STEP #1: Basic Business Model ~ Roles + Responsibilities
If any business is to perform optimally, there five basic business functions (departments or divisions), as per the following diagram. These business functions need to be carefully planned, implemented and managed to ensure sustainability and success.
Each element has to be planned, implemented, executed and managed to the smallest detail, as each business function directly influence the other. Thus it is imperative that every business function has a designated person who is assigned to the role and takes full responsibility for that division.
Failure of any of these business functions, will be to the detriment of the business as a whole. Therefore, once roles have been assigned and accountability accepted, each division needs to have business tasks carefully planned, communicated and agreed upon. Effective communication with each of the department heads will ensure everyone is on the same page and heading in the same direction.
And that is just the beginning… The business model, organisational structure and business processes need to be carefully integrated with the selected business systems and solutions. There are very few businesses that can survive without some form of technology these days. However, regardless as to how superior the technology may be, it is the people that make the business what it really is – Adding the true value to the business and all stakeholders concerned.
Basic Organisational Structure: Executive Team
The following diagram is a basic organisational structure – As mentioned above, each business function (or department) will have a dedicated person responsible for one or possibly more of these departments, depending on the size and stage at which the business is at.
Smaller start-ups, may have one person taking responsibility for two or possibility three of the business functions – As the business grows, these responsibilities are usually handed over to another person to manage. Over time, if growth continues, these people will most likely become heads of their department and then move on to manage a team of people for their particular division… And as the organisation organically grows, strong leaders will move onto head up the ‘Executive Team’ (senior management), which overseas all strategic and high-level management on behalf of middle management and their teams.
As per the business plan, that will soon be available for download from this website (*See ‘Business Plan Information: Technical Information’ & ‘Business Performance & Analysis Report’ in particular), you will be able to undertake detailed task planning, implementations, performance management and monitoring for each of the relevant business functions (departments).
Below you can find further details for each of the business functions (departments), along with the relevant titles for the heads of those departments and a brief overview of the responsibilities of those senior managers concerned.
CEO: Chief Executive Officer
TEAM: Executive Team
A chief executive officer (CEO in American English) or managing director (MD in British English) describes the position of the most senior corporate officer, executive, or administrator in charge of managing an organisation. The CEO of a corporation or company typically reports to the board of directors and is charged with maximizing the value of the entity. Titles also often given to the holder of the CEO position include president and chief executive (CE). The CEO will need to lead and drive all facets of the business on an ongoing basis to ensure sound strategies are being planned by senior executives and implemented by top and middle management. The CEO needs to take primary responsibility of the overall operation of the organisation to ensure sound, profitable and ethical business practice. The CEO needs to have the vision, as well as the business and technical knowledge to direct the organisation in multiple facets of business, as per the key business functions.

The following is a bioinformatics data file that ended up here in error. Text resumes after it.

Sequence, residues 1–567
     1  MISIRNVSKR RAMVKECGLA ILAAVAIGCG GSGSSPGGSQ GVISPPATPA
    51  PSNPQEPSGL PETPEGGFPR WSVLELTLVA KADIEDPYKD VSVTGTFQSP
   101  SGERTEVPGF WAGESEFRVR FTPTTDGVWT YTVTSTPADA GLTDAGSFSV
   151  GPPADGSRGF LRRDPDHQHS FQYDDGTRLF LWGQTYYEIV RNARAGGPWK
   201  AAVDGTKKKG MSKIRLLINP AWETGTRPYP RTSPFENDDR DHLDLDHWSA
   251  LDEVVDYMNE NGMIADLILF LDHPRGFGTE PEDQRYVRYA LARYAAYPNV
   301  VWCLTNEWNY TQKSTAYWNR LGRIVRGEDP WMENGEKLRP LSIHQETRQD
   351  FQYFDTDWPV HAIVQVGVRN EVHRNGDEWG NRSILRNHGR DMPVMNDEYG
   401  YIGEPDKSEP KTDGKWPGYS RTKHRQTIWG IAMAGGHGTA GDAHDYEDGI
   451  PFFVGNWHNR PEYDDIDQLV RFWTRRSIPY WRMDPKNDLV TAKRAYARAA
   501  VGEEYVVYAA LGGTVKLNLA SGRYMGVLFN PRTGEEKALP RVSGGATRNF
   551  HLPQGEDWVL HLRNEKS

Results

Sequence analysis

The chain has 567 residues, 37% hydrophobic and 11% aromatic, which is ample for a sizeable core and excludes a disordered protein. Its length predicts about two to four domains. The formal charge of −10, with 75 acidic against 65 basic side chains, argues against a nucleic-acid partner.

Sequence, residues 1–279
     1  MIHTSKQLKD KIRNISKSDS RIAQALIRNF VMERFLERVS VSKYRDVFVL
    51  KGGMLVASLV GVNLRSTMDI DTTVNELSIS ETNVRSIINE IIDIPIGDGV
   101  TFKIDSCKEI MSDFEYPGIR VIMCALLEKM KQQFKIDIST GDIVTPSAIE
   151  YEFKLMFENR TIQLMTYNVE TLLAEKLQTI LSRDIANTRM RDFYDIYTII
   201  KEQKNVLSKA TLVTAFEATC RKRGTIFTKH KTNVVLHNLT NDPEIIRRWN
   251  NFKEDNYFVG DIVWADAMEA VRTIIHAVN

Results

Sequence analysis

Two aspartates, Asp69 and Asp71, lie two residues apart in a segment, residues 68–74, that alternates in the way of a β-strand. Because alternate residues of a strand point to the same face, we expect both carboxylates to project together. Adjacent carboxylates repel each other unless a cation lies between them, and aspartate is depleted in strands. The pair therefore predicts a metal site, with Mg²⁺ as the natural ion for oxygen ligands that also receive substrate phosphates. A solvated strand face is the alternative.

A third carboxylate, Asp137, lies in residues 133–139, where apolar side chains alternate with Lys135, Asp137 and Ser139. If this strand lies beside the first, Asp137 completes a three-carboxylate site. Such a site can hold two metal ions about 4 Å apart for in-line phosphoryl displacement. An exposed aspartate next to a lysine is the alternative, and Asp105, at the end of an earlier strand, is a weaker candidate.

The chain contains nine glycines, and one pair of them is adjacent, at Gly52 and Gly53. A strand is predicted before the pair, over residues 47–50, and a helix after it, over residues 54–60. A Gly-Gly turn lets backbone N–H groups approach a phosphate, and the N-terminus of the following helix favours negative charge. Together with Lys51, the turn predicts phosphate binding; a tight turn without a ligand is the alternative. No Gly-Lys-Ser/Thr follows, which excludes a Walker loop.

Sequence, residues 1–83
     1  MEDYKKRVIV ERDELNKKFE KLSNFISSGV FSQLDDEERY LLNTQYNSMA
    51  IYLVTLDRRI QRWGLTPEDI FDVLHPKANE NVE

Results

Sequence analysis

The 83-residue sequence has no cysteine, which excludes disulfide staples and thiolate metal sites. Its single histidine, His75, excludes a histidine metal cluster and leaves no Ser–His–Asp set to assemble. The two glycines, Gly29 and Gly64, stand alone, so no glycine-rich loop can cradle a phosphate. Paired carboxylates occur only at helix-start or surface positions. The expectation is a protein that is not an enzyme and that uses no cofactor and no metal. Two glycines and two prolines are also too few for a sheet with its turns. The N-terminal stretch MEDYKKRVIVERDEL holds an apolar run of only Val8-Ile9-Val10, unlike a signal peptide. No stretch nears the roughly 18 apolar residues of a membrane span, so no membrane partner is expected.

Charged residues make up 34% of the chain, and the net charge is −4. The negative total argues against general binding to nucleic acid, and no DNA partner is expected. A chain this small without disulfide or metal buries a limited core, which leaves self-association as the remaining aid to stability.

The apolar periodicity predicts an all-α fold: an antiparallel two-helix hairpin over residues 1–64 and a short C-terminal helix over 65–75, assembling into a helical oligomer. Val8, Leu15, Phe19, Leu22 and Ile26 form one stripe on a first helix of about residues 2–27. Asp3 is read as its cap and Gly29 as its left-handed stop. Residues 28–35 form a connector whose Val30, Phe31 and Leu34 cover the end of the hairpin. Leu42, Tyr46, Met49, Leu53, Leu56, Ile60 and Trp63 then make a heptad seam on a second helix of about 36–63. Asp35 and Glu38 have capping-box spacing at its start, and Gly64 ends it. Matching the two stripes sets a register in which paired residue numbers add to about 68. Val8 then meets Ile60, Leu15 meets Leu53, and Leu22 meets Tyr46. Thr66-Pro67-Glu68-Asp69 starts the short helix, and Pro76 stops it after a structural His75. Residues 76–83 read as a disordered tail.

Below are the basic business functions that need to be accounted for in almost any organisation:
A chief innovation officer (CINO) or chief technology innovation officer (CTIO) is the person who is primarily responsible for managing the process of innovation within an organisation. In many instances, the Innovation & Strategy Team are “the originators of new ideas”, but also recognise, review and accredit innovative ideas generated by other parties. The CINO is the primary custodian responsible for identifying new products and services. They also identify new niche market sectors for existing products and services that can further enhance a brand’s offering. This is to be done in conjunction with other key members within the organisation. Once a new product, service or niche has been identified, the CINO’s team will need to do R&D (Research & Development) to determine the feasibility, sourcing of the right materials and the manufacturing of products and/or implementation of the best processes to ensure the best result(s). The CINO is required to liaise with all key departments to ensure that new product(s) and/or service(s) can be optimally marketed and sold; efficiently dispatched and delivered; accurately recorded and monitored to ensure worthwhile profits and/or substantial benefits to the brand. The CINO is also responsible for bringing new brands on-board, as provided by third-parties, and is the primary ‘supplier relationship manager’ (SRM) for all new brands marketed and sold through the organisation’s sales channel(s).
CHRO: Chief Human Resources Officer
TEAM: HR Management
A chief human resources officer (CHRO) is a corporate officer who oversees all aspects of human resource management, including industrial relation policies, practices and operations of an organisation. The HR Team is also the primary custodian for the personal growth, training and development of team members. They also work closely with the Innovation & Strategy, I.T and Marketing & Sales teams to develop educational materials to expand the product and service knowledge base for both team members and clientele alike. This may cover areas from basic conceptual (high level) overviews to fully fledged technical knowledge sharing platforms and training solutions through various mediums.